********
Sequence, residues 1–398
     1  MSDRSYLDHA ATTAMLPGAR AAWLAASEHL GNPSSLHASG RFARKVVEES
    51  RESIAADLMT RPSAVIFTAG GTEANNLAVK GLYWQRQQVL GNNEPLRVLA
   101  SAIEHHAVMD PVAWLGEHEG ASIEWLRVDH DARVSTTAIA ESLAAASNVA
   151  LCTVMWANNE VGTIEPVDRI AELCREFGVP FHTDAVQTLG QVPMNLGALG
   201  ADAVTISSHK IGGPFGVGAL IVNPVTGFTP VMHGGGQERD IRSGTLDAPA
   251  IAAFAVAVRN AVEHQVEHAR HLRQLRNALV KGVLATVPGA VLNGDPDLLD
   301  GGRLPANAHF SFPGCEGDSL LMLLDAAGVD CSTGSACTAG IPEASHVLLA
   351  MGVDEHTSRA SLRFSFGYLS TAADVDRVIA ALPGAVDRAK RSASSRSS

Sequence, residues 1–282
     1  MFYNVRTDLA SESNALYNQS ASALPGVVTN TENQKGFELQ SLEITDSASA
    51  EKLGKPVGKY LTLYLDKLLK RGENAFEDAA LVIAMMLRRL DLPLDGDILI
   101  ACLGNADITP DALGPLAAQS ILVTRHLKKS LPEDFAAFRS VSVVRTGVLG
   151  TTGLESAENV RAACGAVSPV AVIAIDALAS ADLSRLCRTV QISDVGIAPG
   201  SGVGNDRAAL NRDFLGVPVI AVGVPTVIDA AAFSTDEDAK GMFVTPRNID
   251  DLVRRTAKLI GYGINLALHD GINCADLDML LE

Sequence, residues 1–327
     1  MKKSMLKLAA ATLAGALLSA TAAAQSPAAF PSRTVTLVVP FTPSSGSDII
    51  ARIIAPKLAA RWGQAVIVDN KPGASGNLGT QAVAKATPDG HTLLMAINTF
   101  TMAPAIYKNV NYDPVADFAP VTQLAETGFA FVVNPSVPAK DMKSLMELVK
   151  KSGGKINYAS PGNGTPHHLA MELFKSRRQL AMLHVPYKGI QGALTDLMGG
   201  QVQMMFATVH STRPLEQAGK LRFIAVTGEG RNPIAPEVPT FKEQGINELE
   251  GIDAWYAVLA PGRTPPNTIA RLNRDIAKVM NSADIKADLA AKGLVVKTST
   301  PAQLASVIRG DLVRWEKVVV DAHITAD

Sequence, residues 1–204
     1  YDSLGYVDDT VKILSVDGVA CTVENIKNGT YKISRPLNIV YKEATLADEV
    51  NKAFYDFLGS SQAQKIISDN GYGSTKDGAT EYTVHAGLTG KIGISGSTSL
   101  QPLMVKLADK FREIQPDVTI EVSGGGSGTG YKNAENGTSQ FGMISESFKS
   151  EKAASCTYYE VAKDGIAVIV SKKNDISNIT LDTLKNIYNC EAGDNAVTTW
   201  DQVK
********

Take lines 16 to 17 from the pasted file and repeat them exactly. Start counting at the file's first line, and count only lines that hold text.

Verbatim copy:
   251  DLVRRTAKLI GYGINLALHD GINCADLDML LE

Sequence, residues 1–327